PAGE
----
Partnerships are essential for ending malnutrition

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    Malnutrition in all its forms has a detrimental affect on society and not all forms are on the decline. 

    Malnutrition affects nearly every country on the planet. As the recently published Global Nutrition Report notes, almost half the world’s population suffers from at least one of the following: stunted growth, low weight, micronutrient deficiency or overweight and obesity. The consequences are staggering. Undernourished children will learn less in school, earn less in the labour market, be more likely to live in poverty as adults and have a greater propensity to diseases such as diabetes, hypertension and heart disease. Being overweight or obese is a risk factor for non-communicable diseases and premature mortality.

        All forms of malnutrition constitute a heavy economic burden for society – at the national level estimates are that more than 10% of GDP is lost due to this avoidable condition (from GNR Table 2.1, drawn from Horton and Steckel 2013). And while some forms of malnutrition are (slowly) decreasing (e.g. under 5 stunting rates – low height for age), some are static (e.g. under 5 wasting – low weight for height, women’s anemia) and some are increasing (e.g. under 5 overweight, adult obesity). 

    Combining efforts to combat nutrition

    What will it take to address this trend? The “what” is quite well articulated by the evidence, a combination of: (1) interventions designed explicitly to address malnutrition – so-called “nutrition specific” interventions, such as interventions to improve complementary feeding practices for children after exclusive breastfeeding; (2) interventions designed to make policies and interventions in sectors related to nutrition more “nutrition sensitive”, such as social protection that focuses on the first 1000 days post-conception or interventions designed to improve dietary diversity; and (3) actions, policies and legislation to improve the enabling environment for malnutrition reduction, such as labelling, legislation on the marketing of breast milk substitutes and the publication of indices and data to improve the transparency of financial and policy commitments made to end malnutrition.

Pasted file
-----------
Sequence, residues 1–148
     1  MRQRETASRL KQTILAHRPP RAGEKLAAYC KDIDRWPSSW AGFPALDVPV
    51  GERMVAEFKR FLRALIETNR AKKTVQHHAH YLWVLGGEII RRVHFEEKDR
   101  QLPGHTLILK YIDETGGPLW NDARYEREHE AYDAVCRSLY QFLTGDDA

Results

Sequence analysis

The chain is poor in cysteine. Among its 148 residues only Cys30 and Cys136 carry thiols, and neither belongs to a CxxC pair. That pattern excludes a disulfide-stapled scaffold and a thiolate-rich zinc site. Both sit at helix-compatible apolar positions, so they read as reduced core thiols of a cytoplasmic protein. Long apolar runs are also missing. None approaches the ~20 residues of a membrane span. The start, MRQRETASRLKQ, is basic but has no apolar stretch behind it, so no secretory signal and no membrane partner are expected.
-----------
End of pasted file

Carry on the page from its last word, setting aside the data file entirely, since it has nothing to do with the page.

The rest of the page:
The “how” behind the “what” is less well articulated. Combatting malnutrition requires the involvement and coming together of many sectors, disciplines and stakeholders, as malnutrition is rooted in the interaction of multiple causes, such as poor diets, infection and physical inactivity. Underlying these immediate causes are unhealthy food environments, poor care practices for infants, children and adults, weak health systems and unclean water, poor hygiene and inadequate sanitation services. Income increases alone cannot address malnutrition and can actually contribute to some forms, such as obesity. 

    Levels of interventions

    Coherent action across a range of fronts is needed. Coherence runs from coordination through to deep integration. There are no easy recipes and blueprints for “how”. Such action will be context specific, varying with regard to the nature of particular malnutrition problems, the existing capacity of nutrition champions and their allies, and the political opportunities that emerge. At the nutrition specific level, nutrition programmes need to draw on health services and child development services in a synergistic rather than competitive way, for example by using vaccination days to provide vitamin A supplementation to children under five and by providing pregnant women with the antenatal care, knowledge about feeding practices, and sufficient iron folate supplements they need to ensure their babies have the best possible start in life.